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Analytic Number Theory for Beginners

Prapanpong Pongsriiam
Publication Date: 
Student Mathematical Library
[Reviewed by
John D. Cook
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Analytic Number Theory for Beginners by Prapanpong Pongsriiam covers a lot of material in under 400 pages. It is primarily a graduate textbook. It could be used as an undergraduate text: roughly speaking the first third of the book is undergraduate material and the remaining two thirds is graduate-level material, but the writing is a bit terse for an undergraduate text. Someone teaching an undergraduate course from the book could fill in details and also sprinkle in a few more advanced topics as time and interest allow.
The first chapter provides a brisk review of basic number theory, up to quadratic reciprocity. The second chapter introduces arithmetic functions and the Möbius inversion formula. The third chapter is devoted to the floor function. It is a little surprising that the book devotes more pages to the floor function than to basic number theory; the author says in the preface that most of this chapter is not necessary for the rest of the book.
The fourth chapter, covering summation formulas, transitions from undergraduate to graduate material concluding with the Euler-Maclaurin summation formula.
The fifth chapter returns to arithmetic functions, this time covering more advanced theory. Chapters six through nine cover the material one would expect in any course on analytic number theory: distribution of primes, Dirichlet's theorem, and the Riemann zeta function.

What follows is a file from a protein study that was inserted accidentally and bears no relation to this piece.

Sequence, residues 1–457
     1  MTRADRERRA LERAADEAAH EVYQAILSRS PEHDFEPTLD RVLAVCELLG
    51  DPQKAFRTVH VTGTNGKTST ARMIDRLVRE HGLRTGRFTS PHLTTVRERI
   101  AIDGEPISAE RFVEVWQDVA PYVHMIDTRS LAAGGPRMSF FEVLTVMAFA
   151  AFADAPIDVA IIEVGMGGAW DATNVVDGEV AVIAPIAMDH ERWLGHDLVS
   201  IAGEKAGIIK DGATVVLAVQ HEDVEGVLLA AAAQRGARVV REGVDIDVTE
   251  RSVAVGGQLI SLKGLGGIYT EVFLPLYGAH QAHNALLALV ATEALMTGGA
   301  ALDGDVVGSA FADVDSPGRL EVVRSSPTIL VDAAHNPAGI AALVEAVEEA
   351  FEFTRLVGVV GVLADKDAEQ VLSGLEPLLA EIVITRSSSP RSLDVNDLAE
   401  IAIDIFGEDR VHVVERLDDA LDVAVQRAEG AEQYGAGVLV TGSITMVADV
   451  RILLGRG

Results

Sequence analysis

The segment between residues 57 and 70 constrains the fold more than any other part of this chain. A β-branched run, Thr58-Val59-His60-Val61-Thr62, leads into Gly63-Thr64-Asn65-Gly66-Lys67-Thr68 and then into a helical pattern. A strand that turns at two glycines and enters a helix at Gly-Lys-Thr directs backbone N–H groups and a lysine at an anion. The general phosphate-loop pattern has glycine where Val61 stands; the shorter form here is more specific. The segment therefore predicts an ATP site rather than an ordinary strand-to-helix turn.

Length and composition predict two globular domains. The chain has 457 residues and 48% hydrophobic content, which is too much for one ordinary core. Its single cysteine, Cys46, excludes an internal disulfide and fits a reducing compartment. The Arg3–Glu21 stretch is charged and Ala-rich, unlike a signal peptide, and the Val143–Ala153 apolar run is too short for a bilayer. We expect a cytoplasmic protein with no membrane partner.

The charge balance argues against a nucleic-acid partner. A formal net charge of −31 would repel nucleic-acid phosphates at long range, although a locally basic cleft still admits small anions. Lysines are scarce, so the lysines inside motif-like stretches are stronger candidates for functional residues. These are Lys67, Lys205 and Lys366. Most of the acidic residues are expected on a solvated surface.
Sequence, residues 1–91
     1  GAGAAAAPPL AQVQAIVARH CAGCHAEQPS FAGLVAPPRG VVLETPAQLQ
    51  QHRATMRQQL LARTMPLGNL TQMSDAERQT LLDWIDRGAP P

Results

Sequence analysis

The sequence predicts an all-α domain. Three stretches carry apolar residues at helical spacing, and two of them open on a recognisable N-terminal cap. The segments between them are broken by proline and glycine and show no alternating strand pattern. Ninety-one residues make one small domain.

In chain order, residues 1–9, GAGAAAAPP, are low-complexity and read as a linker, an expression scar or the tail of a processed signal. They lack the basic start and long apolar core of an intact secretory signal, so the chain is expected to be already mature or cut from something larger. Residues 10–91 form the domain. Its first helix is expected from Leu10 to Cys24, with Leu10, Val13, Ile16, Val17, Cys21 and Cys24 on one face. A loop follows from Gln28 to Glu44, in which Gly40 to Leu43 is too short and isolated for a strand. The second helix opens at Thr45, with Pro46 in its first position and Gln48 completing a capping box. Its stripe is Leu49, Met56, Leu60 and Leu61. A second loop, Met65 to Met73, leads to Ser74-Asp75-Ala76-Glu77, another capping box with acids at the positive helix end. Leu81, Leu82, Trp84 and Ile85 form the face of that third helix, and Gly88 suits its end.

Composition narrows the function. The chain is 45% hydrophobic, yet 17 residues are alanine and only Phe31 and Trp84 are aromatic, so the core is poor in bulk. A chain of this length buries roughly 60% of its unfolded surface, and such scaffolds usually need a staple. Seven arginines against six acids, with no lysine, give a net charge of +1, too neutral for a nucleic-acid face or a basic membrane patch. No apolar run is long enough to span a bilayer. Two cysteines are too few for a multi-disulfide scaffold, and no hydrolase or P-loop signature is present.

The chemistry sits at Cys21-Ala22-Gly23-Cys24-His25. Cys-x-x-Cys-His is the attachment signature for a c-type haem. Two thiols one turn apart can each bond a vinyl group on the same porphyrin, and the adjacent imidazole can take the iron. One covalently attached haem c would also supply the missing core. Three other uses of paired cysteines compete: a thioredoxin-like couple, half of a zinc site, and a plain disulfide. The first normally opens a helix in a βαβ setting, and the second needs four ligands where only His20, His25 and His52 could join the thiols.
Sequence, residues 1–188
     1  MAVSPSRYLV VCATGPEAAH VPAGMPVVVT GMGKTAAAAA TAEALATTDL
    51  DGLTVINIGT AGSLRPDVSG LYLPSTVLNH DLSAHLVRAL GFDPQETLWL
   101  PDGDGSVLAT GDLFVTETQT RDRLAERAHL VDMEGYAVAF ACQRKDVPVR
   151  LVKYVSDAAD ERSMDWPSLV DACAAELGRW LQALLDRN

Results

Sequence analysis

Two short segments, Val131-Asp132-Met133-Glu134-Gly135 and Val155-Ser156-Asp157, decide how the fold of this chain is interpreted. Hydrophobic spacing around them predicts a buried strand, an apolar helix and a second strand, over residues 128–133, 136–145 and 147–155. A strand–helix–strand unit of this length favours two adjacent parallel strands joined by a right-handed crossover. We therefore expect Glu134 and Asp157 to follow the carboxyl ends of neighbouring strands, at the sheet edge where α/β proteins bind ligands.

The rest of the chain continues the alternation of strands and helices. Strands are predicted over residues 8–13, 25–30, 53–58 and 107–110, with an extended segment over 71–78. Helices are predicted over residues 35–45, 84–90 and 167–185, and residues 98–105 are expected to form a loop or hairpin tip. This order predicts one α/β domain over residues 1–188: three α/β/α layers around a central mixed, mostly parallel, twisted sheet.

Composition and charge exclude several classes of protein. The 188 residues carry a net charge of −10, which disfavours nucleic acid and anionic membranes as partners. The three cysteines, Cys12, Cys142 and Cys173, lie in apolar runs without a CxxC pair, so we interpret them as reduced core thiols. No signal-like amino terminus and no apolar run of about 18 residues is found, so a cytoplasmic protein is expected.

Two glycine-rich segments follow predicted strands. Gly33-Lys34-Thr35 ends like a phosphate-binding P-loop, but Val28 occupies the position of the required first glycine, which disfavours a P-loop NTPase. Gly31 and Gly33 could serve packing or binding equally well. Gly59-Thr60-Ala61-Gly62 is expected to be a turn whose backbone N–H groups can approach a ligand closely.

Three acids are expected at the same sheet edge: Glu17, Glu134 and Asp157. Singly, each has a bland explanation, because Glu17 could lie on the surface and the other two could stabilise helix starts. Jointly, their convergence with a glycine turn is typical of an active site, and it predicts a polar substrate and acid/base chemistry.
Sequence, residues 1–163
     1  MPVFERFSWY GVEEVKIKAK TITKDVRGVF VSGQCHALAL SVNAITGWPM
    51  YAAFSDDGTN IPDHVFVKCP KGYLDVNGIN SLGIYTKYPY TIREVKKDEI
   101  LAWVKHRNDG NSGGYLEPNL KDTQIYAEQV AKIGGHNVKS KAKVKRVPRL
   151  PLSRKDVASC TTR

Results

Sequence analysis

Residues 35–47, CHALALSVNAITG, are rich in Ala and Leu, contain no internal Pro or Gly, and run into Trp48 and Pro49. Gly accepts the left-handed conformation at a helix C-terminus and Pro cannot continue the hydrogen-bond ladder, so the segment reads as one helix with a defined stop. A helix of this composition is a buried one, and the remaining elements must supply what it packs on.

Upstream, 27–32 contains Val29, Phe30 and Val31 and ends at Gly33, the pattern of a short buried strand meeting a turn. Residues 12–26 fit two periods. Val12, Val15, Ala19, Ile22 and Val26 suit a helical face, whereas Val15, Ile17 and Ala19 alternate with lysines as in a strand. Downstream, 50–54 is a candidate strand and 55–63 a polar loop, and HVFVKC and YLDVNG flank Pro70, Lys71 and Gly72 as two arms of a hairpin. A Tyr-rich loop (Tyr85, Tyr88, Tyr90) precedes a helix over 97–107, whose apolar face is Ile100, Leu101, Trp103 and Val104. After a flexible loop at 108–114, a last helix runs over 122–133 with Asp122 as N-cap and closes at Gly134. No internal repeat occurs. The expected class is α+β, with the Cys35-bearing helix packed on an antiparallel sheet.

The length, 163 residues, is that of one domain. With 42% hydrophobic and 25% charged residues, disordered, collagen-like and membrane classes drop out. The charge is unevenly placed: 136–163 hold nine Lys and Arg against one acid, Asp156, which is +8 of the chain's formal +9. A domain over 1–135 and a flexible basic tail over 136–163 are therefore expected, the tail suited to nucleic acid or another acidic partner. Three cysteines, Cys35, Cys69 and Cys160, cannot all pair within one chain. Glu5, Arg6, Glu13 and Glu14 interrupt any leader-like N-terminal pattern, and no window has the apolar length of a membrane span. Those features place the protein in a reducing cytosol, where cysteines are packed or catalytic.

Chapter ten, the last chapter, added in the second edition, gives an introduction to sieve methods and additive number theory.
Each chapter has an extended section of notes following the exercises. These notes are more discursive, and in my opinion are the best part of the book. The body of each chapter is fast-paced and strictly business; the end notes are more informal. Rather than scatter informal commentary and digressions evenly through the book, these are concentrated in the notes. The former approach is more common, but the latter has its advantages. For one, I imagine it makes the book easier to use as a reference.
While this is a book for a first (graduate) course in analytic number theory, it contains recent results. For example, the book includes several theorems by Terrence Tao and his collaborators on primes in arithmetic progressions and on twin primes.
In sum, Analytic Number Theory for Beginners provides a brisk introduction to analytic number theory, with more than enough material for a graduate course. 
John D. Cook is an independent consultant in applied mathematics and data privacy